Bench of Justice R. Suresh Kumar found that the District Level Empowered Committee has rejected the claim of petitioners for reimbursement in one line without giving any plausible or acceptable reason like the treatment taken in non network hospital or for the non-listed disease. It said that even if it is assumed that the treatment has been taken in non-network hospital, it is the duty of the District Level Empowered Committee or at least at the State Level high power committee to go in to the claim of such employee/pensioner and to see whether the treatment had been taken in a non-network hospital for any plausible reason like emergency or immediate non-availability of the network hospital in the locality.
"With this measure to protect its employees and former employees, the State Government in fact introduced the scheme, not as a charity, but as an enabling procedure, because, the State Government has not paid any money to the Insurance Company for reimbursement, but only the contribution to be made by the employee and the pensioner, by way of premium subscription paid by them every month…"
Right to Health Part of Right to Life
Court said right to health is part of right to life and state should assure protection cover as far as good health of its subjects goes.
"The scope of Right to Life enshrined in the Constitution under Article 21 has been expanded, which includes, Right to Health, which is an integral part of Right to Life. Since Right to Health is part of Right to Life under Article 21 of the Constitution, it is obligatory on the part of the State to take all possible efforts and measures to give quality medical facilities to its citizens."
It observed further:
"It is not only from the angle of, "The Right to Life" which includes Right to Health, but also from the point of view of the State to give adequate facilities to have the protection cover for every citizen from health issues, the State must provide all such facilities on their own."
State Means Freedom From Hunger Apart Other Things
Quoting Saint Thiruvalluvar, Court said that the freedom from hunger and disease as well as from the threat of enemies invasion is a State that is desired for a prosperous nation.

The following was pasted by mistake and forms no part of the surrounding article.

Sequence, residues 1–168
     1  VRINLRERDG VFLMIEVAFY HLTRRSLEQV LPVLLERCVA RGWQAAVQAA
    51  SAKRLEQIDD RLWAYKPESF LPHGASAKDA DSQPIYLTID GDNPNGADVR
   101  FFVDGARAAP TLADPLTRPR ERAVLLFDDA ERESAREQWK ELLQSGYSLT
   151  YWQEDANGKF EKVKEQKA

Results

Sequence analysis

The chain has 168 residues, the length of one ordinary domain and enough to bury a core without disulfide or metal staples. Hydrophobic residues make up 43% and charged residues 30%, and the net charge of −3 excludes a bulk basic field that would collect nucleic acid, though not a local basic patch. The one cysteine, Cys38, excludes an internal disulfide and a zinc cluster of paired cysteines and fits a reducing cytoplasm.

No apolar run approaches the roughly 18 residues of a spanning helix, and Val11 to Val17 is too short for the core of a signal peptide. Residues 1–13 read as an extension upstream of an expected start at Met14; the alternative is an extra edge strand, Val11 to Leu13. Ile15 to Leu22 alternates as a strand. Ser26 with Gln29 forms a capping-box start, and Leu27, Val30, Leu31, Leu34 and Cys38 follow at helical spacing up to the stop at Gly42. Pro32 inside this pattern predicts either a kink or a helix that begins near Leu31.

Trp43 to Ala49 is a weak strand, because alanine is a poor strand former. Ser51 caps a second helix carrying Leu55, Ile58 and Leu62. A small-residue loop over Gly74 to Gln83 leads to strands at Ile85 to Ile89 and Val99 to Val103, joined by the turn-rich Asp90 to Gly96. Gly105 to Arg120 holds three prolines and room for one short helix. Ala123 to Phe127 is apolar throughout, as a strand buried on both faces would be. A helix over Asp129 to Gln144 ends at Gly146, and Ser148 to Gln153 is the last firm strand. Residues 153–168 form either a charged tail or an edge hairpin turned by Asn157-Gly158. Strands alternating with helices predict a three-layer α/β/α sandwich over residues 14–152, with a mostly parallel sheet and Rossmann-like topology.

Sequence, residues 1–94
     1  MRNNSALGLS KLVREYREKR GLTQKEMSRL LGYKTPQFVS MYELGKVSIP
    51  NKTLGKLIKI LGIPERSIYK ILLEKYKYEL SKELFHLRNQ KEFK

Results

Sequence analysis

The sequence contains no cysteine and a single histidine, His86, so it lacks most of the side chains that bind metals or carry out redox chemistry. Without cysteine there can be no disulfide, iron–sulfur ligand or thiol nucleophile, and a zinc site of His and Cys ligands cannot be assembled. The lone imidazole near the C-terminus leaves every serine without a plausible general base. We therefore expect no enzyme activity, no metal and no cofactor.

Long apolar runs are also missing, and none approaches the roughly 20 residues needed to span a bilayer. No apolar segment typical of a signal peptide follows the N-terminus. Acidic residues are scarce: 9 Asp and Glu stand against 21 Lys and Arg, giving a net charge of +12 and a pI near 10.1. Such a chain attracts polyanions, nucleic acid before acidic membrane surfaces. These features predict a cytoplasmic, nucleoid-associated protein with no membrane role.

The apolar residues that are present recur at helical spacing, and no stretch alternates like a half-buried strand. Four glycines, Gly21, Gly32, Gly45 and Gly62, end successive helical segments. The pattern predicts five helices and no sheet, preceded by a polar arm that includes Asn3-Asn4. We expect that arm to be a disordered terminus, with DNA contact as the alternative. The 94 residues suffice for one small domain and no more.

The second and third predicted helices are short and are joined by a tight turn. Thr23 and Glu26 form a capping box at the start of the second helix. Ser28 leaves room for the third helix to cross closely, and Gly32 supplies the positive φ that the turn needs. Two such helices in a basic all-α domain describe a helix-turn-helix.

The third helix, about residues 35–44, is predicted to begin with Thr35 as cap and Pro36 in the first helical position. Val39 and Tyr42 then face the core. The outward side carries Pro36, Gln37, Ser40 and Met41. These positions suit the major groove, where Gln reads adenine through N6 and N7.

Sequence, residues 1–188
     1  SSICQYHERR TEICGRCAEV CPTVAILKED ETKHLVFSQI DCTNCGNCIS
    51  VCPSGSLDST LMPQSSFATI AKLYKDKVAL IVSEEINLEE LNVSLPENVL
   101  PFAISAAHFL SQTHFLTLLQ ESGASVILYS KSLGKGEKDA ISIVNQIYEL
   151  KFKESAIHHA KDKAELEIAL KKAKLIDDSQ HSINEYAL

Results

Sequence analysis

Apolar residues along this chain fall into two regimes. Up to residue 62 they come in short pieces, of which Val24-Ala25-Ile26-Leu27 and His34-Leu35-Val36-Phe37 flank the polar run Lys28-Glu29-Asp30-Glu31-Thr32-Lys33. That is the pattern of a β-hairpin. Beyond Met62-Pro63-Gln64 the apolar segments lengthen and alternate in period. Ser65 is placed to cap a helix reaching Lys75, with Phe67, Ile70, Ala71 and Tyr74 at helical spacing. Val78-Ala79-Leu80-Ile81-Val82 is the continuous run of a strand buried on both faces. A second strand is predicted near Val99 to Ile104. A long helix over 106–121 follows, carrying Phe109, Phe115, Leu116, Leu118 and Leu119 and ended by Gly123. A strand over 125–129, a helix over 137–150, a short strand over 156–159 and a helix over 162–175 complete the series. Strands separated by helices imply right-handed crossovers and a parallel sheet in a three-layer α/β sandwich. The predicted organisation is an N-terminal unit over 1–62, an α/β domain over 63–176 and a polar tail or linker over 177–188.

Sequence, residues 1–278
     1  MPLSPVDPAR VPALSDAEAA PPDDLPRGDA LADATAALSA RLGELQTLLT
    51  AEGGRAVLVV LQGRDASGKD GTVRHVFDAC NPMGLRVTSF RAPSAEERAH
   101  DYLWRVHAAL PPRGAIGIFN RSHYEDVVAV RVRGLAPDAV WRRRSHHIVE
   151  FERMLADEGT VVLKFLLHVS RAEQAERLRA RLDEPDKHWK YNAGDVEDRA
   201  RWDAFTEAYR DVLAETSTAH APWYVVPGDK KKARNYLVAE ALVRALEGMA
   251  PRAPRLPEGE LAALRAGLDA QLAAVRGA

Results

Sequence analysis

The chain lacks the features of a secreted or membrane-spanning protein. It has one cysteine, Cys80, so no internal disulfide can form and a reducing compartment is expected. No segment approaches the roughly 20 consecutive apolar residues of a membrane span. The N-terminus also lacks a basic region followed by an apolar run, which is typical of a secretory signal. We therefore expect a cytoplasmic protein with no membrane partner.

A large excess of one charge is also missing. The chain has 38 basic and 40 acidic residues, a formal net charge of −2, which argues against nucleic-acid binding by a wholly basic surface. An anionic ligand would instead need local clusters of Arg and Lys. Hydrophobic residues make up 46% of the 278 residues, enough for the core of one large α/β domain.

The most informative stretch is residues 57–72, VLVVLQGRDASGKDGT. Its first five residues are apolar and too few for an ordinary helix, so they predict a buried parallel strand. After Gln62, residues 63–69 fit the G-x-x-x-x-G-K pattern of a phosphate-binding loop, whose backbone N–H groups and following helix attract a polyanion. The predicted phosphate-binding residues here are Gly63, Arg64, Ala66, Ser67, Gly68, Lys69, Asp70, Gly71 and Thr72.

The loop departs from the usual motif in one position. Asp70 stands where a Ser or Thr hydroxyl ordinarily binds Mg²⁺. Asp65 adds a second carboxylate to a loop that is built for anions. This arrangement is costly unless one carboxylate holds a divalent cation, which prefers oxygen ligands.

"In order to achieve the said avowed goal as quoted by Saint Thiruvalluvar, the State Government, being the welfare State, must be in a position to protect its citizens, especially, in the present context, its employees and erstwhile employees, from all health issues. Therefore the obligation of the State Government and their duty towards achieving this goal cannot be abdicated on any flimsy or technical reasons."
Court said that the State Government's obligation cannot be easily given up or washed away in the manner it has been done in these cases and it is of the considered view that, none of the impugned orders passed in the batch of cases before it, are sustainable.
It relied on a number of judgments besides judgment of Supreme Court in Shiva Kant Jha v. Union of India reported in (2018) 5 MLJ 317 (SC) wherein Apex Court held that "the right to medical claim cannot be denied merely because the name of the hospital is not included in the Government Order. The real test must be the factum of treatment. Before any medical claim is honoured, the authorities are bound to ensure as to whether the claimant had actually taken treatment and the factum of treatment is supported by records duly certified by Doctors / hospitals concerned. Once it is established, the claim cannot be denied on technical grounds."
Court passed the following directions:
Petitioners were represented by advocate T.Lajapathi Roy and respondents by AAG B.Pugalendi assisted by S.Srimathy.